Nothing on the website of the Oblates nor in Navarro's fundraiser indicates it is anything other than a formally approved religious order, aside from a throwaway line at the bottom of the homepage: "The Oblates of St. Augustine are a 'de facto' association with respect to the Code of Canon Law (cf. 209, 215, 299, and 310)."
Considering the vast majority of Catholic laity do not know what a "de facto" association is nor would they take the time to look up the canons cited, the sentence buried at the bottom of the site does little to clarify the actual status of Navarro's community.
Canon 299 makes clear a "de facto" association is simply a "private association" formulated "by means of a private agreement" among members to pursue a common purpose.
It differs from a public association, which is erected according to competent Church authority. According to §3, "No private association of the Christian faithful is recognized in the Church unless competent authority reviews its statutes."
Navarro has made clear the Oblates are his own initiative and have received no formal approval or recognition by any bishop. They number among any number of private associations, including lay activist groups or other lay apostolates, which can be started up by anyone. Navarro is no more a "brother" than any Catholic layman.
His community can be compared to Most Holy Family Monastery, a rogue traditionalist group comprised of siblings Michael and Peter Dimond, who call themselves "Brother Michael" and "Brother Peter," with a following of 115,000 on YouTube. These self-professed "monks" also operate as a "de facto" association with no formal recognition in any diocese, and use their blog to promote conspiracy theories against the "Vatican II sect."
Church Militant asked Navarro how many members are in his community. After repeatedly refusing to answer the question, Navarro eventually admitted his community only has one member: himself. Elsewhere he clarified that several men are discerning whether to join.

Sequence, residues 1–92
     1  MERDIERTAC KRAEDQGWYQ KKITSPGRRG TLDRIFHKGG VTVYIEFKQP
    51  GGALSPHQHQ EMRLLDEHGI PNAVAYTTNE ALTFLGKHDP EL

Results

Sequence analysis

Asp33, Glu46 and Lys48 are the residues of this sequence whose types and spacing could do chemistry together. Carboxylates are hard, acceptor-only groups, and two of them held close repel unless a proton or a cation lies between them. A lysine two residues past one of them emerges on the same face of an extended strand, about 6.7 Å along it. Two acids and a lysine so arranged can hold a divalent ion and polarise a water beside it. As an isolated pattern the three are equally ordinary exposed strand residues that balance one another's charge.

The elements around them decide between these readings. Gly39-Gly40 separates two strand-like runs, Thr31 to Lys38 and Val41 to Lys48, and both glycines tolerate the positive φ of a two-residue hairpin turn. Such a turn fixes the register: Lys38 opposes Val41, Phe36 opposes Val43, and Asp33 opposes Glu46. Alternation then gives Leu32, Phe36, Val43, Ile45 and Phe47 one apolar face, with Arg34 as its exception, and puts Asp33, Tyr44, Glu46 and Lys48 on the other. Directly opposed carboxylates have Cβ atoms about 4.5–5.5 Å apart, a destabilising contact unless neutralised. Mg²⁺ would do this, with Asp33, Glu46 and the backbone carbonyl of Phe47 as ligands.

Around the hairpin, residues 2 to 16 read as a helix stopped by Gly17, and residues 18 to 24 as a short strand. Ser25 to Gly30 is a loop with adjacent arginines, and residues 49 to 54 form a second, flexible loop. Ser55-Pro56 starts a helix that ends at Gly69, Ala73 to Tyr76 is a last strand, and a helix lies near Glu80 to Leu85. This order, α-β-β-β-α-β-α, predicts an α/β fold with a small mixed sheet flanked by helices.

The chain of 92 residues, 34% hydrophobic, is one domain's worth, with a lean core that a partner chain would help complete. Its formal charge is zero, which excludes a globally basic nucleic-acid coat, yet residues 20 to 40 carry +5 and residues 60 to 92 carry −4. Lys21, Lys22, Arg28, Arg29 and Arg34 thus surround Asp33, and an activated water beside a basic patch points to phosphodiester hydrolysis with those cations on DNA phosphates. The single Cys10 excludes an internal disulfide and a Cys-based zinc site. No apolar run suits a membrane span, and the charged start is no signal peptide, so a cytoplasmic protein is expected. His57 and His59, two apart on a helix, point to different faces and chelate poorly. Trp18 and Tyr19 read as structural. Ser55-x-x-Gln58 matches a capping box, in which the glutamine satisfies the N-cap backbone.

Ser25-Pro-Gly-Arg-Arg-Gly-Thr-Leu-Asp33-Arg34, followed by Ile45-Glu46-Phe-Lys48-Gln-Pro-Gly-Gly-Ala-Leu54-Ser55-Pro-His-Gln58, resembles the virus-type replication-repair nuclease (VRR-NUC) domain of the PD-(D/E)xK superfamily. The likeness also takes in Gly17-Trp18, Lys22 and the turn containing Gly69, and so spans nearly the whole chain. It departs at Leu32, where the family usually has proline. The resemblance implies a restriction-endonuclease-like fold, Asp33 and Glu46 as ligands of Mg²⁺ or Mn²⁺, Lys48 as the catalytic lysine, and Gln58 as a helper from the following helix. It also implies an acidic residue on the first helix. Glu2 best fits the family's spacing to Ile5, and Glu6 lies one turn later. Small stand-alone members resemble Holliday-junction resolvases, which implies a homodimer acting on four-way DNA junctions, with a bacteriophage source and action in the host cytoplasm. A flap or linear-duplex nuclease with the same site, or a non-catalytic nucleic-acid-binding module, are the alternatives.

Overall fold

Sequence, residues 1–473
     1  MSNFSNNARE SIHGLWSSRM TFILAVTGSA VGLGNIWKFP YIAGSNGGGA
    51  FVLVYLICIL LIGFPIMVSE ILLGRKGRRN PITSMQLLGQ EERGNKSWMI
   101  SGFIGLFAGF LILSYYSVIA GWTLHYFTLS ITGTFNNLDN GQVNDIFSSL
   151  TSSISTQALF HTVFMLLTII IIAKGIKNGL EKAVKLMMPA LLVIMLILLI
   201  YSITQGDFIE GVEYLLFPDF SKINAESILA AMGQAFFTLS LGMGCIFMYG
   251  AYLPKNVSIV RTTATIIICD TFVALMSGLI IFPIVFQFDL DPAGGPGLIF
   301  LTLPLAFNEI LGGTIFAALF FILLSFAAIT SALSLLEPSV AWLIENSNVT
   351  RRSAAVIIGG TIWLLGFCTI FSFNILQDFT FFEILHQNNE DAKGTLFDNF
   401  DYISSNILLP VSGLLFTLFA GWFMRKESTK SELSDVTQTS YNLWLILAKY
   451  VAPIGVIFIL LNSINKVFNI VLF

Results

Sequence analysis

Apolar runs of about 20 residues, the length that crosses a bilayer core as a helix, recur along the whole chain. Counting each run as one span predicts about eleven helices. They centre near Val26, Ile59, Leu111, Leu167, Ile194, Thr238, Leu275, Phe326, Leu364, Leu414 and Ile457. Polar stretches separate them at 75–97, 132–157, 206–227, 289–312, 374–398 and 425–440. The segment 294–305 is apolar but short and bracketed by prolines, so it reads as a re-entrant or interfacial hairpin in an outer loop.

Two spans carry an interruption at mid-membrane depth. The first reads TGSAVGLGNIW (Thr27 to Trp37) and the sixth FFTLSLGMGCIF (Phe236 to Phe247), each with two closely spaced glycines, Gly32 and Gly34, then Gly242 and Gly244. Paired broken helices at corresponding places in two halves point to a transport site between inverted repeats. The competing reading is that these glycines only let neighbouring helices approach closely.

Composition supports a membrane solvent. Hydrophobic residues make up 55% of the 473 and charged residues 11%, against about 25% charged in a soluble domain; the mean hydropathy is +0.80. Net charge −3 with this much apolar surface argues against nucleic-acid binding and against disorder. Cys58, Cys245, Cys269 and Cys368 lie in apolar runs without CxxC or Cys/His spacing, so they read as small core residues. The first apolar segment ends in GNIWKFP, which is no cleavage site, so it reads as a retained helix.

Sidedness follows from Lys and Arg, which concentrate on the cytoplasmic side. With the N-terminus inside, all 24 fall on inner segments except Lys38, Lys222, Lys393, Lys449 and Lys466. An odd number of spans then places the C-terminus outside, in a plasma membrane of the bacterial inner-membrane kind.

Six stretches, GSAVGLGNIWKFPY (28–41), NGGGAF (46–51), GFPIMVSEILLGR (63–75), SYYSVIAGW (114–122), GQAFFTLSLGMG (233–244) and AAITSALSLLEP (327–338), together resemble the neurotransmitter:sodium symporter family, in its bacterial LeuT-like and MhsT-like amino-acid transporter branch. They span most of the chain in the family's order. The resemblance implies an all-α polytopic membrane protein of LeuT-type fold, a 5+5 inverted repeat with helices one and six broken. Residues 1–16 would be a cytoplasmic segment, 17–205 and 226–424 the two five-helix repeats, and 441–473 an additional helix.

It also appears that Fr. Melnick, the priest featured in the fundraising video, is no longer with Navarro. Father Melnick confirmed directly with Church Militant that he moved out of Florida and has not lived with Navarro for approximately six months.
Thus Navarro's current community appears to be without a priest, calling into question his fundraiser's claims to found a community focused exclusively on offering the traditional liturgy — a claim on which donors relied in good faith to give money.
Worse, Navarro continues to solicit donations for Fr. Melnick, even though he is no longer there. On the Oblates' "Giving" page, it states: "A gift of $500 per month helps to cover medical expenses for a retired, medically disabled priest in our care."
The reference is to Fr. Melnick, who is disabled and suffering from health problems, who as noted above claims not to have lived with Navarro for at least six months. It is unclear how many donors during this time have relied on this false statement to donate to help this priest.
On his filed paperwork with the state of Florida, Navarro lists himself as president, director, secretary and treasurer of his nonprofit — essentially a one-man operation, with cash assets of $175,000 in donations.
Other irregularities abound.
Even though Navarro moved out of Florida to Missouri in late August/early September, his corporation's annual report, dated Sept. 21, 2021, lists his principal place of business as St. Petersburg, Florida — a falsehood.
A search of IRS tax-exempt organizations returns no results for the Oblates of St. Augustine, indicating this is not a federal 501(c)3 and therefore donations may not be tax deductible. It is unclear why Navarro would not file as a 501(c)3.
Even more, the bylaws require a minimum of three directors. They also require at least one of them to reside in Florida. While the initial directors listed were Navarro, Fr. Melnick and Prof. Joseph Multhaus of Donnelly College, Kansas, this is no longer the case.
Not only has Fr. Melnick not lived in Florida for at least six months, he also confirmed with Church Militant he has not been a director for some time. Thus the Oblates appear to be out of compliance with their own bylaws.
Most troubling, Navarro refuses to answer questions as to exactly what he is doing with his donations. The bylaws clearly state that no income "may inure to the benefit" of any of its officers or other private persons. Navarro has a moral and legal duty to spend donations in furtherance of the mission of the Oblates, and not for personal use or for the personal benefit of any other person.